for most species were quite good (9r > 0.94 for 19 of 25

species, Table 1), in some cases overestimates of initial

leaf area led to negative leaf growth rates for individual

leaves during the interval. (2) The assumption that leaf

growth was a constant function is better fit by qcoups of

leaves of vacying ages than for individual leaves.

The herbivory rate calculated using plant totals is

mathematically equivalent to the mean of the hectivory rates

calculated for individual leaves if all of the leaves are

equal in size; if damage areia:leaf area is ccustant for all

leaves (i.e., herbivory is evenly distributed among leaves);

if tne sums of damage area:Leaf area ace the same foc groups

of equal-sized leaves; or if total leaf areas are thle same

in groups of leaves with equal percent damage. None of the

sufficient conditions listed for equality of the 2 methods

are necessarily set by the data. Thus pocling individual

leaf data for analysis mcly introduce a source of erroc. To

evaluate the magnitude of the error, herbivory rates

calculated from individual leaf data and from plant totals

were compared for six species (Table 3). Although herbivory












Table 3. Comparison of mean consumption rates calculated from individual leaf data and
from pooled leaf data for selected species.




Rate Based on
No. of Rate Based on Individual
Plants Plant Totals Leaf Rates Difference Value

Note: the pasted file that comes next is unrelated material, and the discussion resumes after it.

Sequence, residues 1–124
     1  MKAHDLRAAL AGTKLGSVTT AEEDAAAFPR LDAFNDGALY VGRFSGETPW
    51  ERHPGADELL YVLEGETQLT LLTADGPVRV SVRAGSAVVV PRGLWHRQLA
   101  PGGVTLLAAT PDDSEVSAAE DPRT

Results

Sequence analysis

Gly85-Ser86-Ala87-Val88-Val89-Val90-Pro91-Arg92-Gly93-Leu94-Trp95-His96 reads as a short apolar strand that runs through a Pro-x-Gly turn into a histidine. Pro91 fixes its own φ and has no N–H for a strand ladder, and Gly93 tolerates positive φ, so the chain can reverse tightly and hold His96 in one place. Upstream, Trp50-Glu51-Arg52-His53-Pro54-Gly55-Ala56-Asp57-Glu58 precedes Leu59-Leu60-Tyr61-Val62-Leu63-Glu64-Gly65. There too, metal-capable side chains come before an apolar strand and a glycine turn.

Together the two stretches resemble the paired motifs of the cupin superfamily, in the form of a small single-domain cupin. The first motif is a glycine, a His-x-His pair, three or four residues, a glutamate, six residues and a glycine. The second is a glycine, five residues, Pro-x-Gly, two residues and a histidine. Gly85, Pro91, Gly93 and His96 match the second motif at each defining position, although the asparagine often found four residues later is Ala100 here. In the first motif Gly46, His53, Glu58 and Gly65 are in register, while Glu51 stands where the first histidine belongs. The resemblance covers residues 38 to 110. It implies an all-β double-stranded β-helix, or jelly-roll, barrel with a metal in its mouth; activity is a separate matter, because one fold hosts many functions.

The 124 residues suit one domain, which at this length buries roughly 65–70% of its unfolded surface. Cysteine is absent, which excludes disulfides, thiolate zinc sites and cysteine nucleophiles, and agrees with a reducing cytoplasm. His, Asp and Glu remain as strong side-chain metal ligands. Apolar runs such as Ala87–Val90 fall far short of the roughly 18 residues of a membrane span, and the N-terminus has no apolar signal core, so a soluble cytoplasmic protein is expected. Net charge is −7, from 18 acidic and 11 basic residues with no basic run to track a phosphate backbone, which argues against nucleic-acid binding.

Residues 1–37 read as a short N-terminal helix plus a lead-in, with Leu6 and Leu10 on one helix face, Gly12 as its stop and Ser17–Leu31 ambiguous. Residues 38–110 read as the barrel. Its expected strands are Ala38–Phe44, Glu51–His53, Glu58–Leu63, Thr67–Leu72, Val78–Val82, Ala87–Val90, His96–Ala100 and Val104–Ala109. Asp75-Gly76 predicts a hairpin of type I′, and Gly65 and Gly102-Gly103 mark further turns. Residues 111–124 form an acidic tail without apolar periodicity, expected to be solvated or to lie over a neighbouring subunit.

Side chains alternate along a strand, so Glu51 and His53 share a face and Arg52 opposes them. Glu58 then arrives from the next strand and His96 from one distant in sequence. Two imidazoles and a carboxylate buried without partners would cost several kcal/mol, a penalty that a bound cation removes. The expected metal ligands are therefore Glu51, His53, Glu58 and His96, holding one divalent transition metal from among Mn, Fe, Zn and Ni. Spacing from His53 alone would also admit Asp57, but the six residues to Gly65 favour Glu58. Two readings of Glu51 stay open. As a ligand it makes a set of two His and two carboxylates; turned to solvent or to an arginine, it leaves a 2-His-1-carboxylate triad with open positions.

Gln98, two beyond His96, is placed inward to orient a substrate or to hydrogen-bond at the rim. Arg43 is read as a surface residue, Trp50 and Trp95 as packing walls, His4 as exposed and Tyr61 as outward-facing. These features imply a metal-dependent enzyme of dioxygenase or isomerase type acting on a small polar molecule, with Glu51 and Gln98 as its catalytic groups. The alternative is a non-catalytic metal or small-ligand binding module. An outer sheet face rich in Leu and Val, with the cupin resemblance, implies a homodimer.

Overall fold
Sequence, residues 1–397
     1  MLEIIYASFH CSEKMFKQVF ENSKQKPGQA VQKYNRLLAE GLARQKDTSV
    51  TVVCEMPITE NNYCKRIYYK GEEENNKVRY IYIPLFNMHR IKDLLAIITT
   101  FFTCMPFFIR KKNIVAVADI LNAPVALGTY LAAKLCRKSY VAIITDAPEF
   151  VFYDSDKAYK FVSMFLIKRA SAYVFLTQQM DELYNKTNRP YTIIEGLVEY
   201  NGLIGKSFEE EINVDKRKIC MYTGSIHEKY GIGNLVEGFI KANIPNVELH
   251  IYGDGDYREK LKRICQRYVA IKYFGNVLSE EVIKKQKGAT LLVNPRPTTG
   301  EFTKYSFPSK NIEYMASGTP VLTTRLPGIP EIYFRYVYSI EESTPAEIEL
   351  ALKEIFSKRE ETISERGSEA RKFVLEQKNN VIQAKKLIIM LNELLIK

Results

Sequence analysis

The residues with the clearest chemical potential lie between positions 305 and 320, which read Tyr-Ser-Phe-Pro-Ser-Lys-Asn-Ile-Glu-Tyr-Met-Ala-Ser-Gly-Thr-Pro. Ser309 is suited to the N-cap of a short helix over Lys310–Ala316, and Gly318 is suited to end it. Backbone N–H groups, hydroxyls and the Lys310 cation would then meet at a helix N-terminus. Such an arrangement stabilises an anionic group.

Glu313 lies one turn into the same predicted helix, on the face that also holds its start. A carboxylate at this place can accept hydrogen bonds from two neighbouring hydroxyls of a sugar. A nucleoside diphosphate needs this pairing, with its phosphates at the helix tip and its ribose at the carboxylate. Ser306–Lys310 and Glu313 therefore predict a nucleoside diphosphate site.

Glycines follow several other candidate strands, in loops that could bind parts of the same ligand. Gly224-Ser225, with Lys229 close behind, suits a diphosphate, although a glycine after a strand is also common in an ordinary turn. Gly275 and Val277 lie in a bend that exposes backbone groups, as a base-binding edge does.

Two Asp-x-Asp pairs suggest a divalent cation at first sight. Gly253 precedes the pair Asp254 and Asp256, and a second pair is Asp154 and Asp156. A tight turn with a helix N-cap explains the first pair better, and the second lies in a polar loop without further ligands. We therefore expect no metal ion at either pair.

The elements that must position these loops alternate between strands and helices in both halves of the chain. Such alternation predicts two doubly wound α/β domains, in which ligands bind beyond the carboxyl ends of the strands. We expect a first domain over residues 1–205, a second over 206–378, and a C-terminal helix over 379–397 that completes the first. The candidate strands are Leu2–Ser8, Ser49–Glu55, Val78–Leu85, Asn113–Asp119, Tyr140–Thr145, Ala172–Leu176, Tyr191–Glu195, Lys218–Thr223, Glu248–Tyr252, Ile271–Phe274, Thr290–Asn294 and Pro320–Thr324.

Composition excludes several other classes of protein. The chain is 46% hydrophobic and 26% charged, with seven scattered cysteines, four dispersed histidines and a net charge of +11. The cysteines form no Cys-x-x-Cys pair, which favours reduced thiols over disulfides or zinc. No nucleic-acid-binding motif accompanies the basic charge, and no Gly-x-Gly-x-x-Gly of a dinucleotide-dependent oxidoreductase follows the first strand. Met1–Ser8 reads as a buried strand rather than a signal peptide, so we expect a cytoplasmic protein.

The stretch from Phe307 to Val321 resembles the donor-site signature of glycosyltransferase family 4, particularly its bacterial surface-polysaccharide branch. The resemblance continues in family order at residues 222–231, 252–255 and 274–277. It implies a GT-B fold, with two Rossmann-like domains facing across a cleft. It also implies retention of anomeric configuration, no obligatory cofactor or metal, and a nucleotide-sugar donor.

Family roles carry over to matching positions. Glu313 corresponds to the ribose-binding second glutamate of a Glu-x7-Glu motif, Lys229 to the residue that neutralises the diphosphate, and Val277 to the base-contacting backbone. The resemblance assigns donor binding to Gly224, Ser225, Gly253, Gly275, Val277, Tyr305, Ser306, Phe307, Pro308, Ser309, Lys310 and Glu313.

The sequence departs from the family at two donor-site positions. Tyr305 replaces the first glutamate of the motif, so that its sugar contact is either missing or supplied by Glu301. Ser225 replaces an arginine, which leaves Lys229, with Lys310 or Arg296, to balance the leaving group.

Species (n) (cm2/m2 leaf/day) (cm2/m2 leaf/day) D (sD) of t

Bocconia 12 11.05 9.21 1.84 (5.76) 1.10
frutescens

Cajanus cajan 8 32.15 13.33 0.82 (3.91) 0.59

Carica papaya 3 2.36 2.46 -0.10 (0.29) -0.61

Manihot 36 8.90 11.07 -2.17 (5.12) -2.54*
esculenta

Phytolacca 24 11.62 11.39 0.23 (2.45) 0.45
rivinoides

Vernonia patens 13 27.33 25.61 1.72 (3.48) 1.78


*p<.05









rates calculated by the two methods differed considerably

for some plants, the two methods yielded significantly

different mean species herbivocy rates for only one species

Mniho~t _esculents).

Consumption rates were estimated by an iterative process

in which the time interval (t(0),t (f)) was divided into a

smaller sub-intervals (t(j-1),t(1)), and consumption and

expansion were calculated for each of these sub-intervals.

In this method, both the expansion of damage present on the

leaves at t(0) and the expansion of damage that occurred

during the interval (t(0),t(t)) were excluded from the

estimate of consumption. As the number of iterations (n)

was increased, the precision of the estimate of c also

increased. To select an appropriate value of n, consumption

rates were estimated using various n values for nine plants.

For each of the plants, an n value of 55 was sufficiently

large to insure that the consumption rates (cm2 plant-'

day-1) were accurate to the nearest 0.01 cmZ. For most of

the sample plants, the required n value for this level of

accuracy was much less than 55. On the basis of these

prelimina ry tests, calculations of damage expansion were

done with n = 55. Computer programs to calculate damage

expansion were developed using the Statistical Analysis

System (SAS). One program wac developed for use with

alternate-leaved species. A modified version of this

program was used for opposite-leaved species, in which data

were pooled for opposite leaf pairs.









Subtreatments

In addition to main treatment comparisons, a major

objective of the study was to evaluate the effects of

herbivory on net primary productivity, vegetation structure,

and species composition in high and 10w diversity tropical